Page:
Volume 45, Issue 10, 15 November 1966
Index of content:
Transport Properties of Polyatomic Fluids. IV. The Kinetic Theory of a Dense Gas of Perfectly Rough Spheres45(1966); http://dx.doi.org/10.1063/1.1727365View Description Hide Description
The Enskog theory of transport in a dense gas is applied to the rough‐sphere model. A formal analog of the Chapman—Enskog method is developed in order to construct the normal solution of the corresponding kinetic equation. Accurate estimates are given for the coefficients of shear and bulk viscosity and of thermal conductivity. A procedure is provided for computing the coefficient which characterizes the antisymmetric portion of the stress tensor and also for estimating the coefficients of proportionality between the flux of spin angular momentum and the gradient of the local spin velocity. Numerical values are given for these and other transport coefficients and characteristic relaxation times. A study is provided of the hydrodynamical significance of antisymmetric stress and of spin flux. Finally, the theory of this paper is compared with other, rather more heuristic, methods.
45(1966); http://dx.doi.org/10.1063/1.1727366View Description Hide Description
The melting curves of the sodium halides have been determined to 40 kbar. The present curves for NaCl and NaF are in agreement with Clark's corrected curves to 17 kbar, but the agreement for the other sodium halides is less good. There are no triple points on the melting curves to 40 kbar and it is concluded that the transitions found previously in NaF and NaCl near ∼20 kbar, if real, are metastable and shear induced.
45(1966); http://dx.doi.org/10.1063/1.1727367View Description Hide Description
EPR studies at X‐band frequencies have been carried out between 300° and 77°K on amorphous and crystalline selenium. Dominating the spectra of the amorphous material were a large number of paramagnetic centers ∼1019/cc which contribute to an unusually broad and inhomogeneous line of width, ΔHp p ∼3Kg and g=2.3 to 2.8±0.01. The linewidths and g values were very sensitive to heat treatments. This broad line is attributed to electrons at chain ends in a highly disordered region of the solid. A different species was also present in much lower concentrations ∼1013/cc, as observed by a sharp resonance with peak‐to‐peak linewidth, ΔHp p ∼6 G and g=2.0039±0.0006, which is close to the g value of 2.0023 for a free electron.Heat treatments altered the magnitude of the signal in an erratic manner and up to ∼1016/cc spins were observed with no changes in ΔHp p or g value. The identification is rather uncertain. Theoretical considerations of the g value and linewidth favor a center associated with an impurity (i.e., oxygen) at the end of the selenium chain but have shown that a chain end interacting with a neighboring chain cannot be ruled out. Experimental results tending to minimize the role of oxygen were that no conclusive differences were observed when samples were heat treated in air or vacuum or prepared by evaporation, and the appearance of a virtually identical resonance when single crystals of hexagonal selenium were damaged (mechanically and by electron bombardment).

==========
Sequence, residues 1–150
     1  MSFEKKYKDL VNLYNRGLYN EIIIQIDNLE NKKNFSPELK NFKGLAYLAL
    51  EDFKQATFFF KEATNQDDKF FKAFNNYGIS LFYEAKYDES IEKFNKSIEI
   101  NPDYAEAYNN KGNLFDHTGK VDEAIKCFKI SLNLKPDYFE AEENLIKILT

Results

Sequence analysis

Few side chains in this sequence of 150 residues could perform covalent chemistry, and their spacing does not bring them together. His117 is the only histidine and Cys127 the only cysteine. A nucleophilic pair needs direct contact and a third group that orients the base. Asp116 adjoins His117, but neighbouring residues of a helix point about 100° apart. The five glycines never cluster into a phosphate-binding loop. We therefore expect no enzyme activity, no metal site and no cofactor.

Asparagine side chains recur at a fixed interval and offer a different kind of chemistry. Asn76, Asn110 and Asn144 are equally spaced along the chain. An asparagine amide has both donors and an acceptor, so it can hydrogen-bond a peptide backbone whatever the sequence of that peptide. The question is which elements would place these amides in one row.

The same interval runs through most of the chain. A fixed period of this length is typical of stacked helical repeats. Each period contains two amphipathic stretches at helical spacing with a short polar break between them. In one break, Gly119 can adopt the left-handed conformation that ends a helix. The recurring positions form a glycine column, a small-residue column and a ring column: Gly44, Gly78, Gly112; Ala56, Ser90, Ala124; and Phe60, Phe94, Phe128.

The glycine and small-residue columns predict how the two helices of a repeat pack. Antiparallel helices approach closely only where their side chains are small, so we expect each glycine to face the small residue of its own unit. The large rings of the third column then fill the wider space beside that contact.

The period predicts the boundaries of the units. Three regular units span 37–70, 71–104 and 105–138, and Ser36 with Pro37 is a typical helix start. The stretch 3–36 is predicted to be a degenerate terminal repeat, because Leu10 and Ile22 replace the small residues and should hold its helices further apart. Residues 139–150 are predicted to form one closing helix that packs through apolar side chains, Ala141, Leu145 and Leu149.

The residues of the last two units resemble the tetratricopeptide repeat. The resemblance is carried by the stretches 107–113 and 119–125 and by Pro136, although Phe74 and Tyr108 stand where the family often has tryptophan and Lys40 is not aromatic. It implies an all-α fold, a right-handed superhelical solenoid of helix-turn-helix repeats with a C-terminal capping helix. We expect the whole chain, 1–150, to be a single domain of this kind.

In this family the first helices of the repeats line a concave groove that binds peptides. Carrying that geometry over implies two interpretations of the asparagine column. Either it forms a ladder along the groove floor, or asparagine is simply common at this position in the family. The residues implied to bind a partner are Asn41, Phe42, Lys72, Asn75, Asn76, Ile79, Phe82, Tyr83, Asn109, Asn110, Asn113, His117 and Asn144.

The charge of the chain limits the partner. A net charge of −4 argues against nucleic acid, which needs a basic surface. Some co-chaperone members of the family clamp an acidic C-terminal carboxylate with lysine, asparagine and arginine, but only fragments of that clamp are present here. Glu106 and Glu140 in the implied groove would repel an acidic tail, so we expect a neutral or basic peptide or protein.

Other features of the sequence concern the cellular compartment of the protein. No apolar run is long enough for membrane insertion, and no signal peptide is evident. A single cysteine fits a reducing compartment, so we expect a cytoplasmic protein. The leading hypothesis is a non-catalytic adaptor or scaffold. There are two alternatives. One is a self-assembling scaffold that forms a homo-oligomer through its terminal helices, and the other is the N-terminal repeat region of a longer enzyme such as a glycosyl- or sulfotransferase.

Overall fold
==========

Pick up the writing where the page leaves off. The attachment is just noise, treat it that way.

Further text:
No resonances were found in pure ``as grown'' monoclinic or hexagonal selenium. This result was unexpected for the latter material, and chemisorption of oxygen on the surface is thought to be the explanation.
45(1966); http://dx.doi.org/10.1063/1.1727368View Description Hide Description
The electronic structures of various sulfur and selenium radicals were studied by semiempirical molecular orbital theory in the form of a parameter theory. The ESR data (g values) were used to determine the actual value of the parameter α, which is the coefficient of the s orbital in the bonding hybrid of the S(Se) atom in the radical. The physical significance of α so determined was studied by investigating some quantum chemical quantities such as valence state energies Ev and bond strengths B as functions of α. As a result, a criterion for the determination of the parameter value was deduced, namely, the selection of that value of α which maximizes B 2 | Ev |.